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A Big Lie is Breaking Education

A Big Lie is Breaking Education


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(This long post is an edited excerpt from my 2016 book. I continue to be frustrated by the resistance to progressive -enlightened – education. I hope the excerpt will offer a helpful perspective to those who care about children and the increasingly dysfunctional system they must endure.)

Imagine if we still believed the Earth was flat or that the Sun orbited our planet. Based on these beliefs we might tinker endlessly with efforts to navigate our world or to understand all kinds of natural phenomena and then scratch our heads in dismay when nothing turned out quite as we had predicted.

The book from which this post is drawn may be perceived as radical, perhaps subversive, but contemporary education policy, especially so-called education reform, is as wrongheaded as believing that the Earth is flat.

It is widely believed that education in America is not going well. That belief is more propaganda than fact. The contemporary manifestation of that propaganda began with a 1983 report commissioned by the Reagan administration: A Nation at Risk: The Imperative for Educational Reform.

This report claimed to provide evidence that a deteriorating educational system was undermining our nation’s vitality. It was a big lie, exposed by more honest work in subsequent years, particularly the Sandia Report commissioned in 1990. This subsequent work received little fanfare and nothing changed. Education reform in 2022 is based on the same big lie in new clothing. It has been a 39-year war on public education, on teachers and on teachers unions. How did this happen?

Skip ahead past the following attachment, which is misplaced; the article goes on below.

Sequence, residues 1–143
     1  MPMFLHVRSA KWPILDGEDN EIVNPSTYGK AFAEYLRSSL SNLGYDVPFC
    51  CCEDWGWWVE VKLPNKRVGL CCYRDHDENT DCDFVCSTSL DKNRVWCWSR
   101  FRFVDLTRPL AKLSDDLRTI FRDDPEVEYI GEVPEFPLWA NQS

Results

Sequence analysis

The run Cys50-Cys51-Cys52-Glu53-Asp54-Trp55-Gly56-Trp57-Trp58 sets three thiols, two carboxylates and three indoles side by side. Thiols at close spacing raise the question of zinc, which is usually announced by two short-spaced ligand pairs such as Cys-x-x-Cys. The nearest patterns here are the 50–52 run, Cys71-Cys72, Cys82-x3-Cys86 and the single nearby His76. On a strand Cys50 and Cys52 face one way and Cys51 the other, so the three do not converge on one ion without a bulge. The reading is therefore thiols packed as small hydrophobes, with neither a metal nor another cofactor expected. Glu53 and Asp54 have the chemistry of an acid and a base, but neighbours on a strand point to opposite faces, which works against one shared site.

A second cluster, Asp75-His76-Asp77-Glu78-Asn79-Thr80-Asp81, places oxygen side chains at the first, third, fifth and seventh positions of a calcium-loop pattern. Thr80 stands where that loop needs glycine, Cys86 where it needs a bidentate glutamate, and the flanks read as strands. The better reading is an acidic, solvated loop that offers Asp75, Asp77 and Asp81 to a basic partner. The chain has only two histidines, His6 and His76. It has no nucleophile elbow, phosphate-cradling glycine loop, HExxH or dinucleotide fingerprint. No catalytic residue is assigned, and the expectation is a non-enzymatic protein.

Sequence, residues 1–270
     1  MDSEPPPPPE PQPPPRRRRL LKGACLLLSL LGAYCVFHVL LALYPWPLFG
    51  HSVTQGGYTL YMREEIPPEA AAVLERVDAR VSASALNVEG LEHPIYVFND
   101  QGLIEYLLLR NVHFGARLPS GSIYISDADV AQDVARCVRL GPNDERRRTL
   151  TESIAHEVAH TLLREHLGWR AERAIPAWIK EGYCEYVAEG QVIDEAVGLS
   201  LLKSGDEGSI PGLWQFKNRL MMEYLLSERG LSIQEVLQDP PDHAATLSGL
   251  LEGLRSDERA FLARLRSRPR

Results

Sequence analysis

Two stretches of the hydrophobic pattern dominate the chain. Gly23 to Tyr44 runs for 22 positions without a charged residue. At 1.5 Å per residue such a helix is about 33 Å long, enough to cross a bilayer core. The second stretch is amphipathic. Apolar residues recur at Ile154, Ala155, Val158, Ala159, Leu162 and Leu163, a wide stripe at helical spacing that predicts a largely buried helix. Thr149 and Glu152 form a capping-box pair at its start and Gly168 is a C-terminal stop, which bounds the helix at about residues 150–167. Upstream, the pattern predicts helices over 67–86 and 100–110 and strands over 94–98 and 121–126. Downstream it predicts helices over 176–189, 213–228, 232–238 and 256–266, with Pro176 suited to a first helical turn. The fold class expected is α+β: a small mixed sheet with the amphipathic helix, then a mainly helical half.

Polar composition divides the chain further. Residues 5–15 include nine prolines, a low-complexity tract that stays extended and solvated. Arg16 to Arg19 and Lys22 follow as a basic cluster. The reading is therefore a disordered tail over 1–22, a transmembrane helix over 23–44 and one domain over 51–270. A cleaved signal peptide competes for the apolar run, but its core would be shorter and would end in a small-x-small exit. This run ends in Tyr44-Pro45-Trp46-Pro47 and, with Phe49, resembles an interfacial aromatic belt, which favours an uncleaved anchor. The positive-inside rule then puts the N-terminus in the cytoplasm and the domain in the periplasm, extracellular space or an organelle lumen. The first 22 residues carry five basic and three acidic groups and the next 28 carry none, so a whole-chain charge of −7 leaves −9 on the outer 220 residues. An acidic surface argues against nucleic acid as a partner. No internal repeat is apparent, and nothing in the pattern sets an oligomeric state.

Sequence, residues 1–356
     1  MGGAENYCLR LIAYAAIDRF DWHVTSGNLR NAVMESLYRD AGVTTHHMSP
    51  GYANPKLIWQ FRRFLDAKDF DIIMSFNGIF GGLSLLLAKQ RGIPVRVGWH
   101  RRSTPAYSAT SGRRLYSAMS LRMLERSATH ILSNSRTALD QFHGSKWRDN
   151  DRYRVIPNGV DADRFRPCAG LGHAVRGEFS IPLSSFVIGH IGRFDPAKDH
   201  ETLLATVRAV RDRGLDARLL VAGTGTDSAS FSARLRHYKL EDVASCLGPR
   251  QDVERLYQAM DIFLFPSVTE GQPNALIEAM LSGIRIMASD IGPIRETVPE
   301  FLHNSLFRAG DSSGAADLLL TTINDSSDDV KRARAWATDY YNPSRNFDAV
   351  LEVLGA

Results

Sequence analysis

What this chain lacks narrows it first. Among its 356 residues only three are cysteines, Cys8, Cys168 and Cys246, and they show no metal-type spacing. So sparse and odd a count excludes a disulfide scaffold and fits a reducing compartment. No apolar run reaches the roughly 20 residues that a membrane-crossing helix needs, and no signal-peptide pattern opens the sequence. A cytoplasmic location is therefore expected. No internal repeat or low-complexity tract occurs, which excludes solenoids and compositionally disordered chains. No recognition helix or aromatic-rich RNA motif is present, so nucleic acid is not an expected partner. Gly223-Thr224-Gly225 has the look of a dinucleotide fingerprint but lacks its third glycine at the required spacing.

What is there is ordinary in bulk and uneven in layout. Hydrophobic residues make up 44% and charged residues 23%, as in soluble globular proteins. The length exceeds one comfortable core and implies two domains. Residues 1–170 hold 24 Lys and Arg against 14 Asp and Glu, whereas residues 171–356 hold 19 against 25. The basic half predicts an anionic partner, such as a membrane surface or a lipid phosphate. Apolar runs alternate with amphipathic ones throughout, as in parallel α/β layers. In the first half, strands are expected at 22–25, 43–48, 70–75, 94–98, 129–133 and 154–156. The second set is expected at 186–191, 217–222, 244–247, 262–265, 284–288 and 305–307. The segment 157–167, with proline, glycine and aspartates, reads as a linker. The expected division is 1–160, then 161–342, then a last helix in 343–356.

A Nation at Risk appeared to provide unassailable statistical proof that student achievement had dropped. The average scores the report cited were not fiction. Scores were indeed lower, at least by their calculations. But it didn’t mean what the report concluded.

The Sandia Report found seemingly contradictory facts: The average test scores of all American students had gone down, as A Nation at Risk claimed . . . but the average test scores of every sub-group (by class, race, and every other variable) of American students had gone up! How can that be? Enter Simpson’s Paradox, an interesting statistical phenomenon.

To illustrate:

10 students in subgroup A each scored 80 points

10 students in subgroup B each scored 60 points

10 students in subgroup C each scored 40 points

Average score = 60 (1,800 points divided by 30 students).

Change the subgroup size:

10 students in subgroup A each scored 85,

20 students in subgroup B each scored 65

30 students in subgroup C each scored 45

Average score = 58.3 (3,500 divided by 60 students).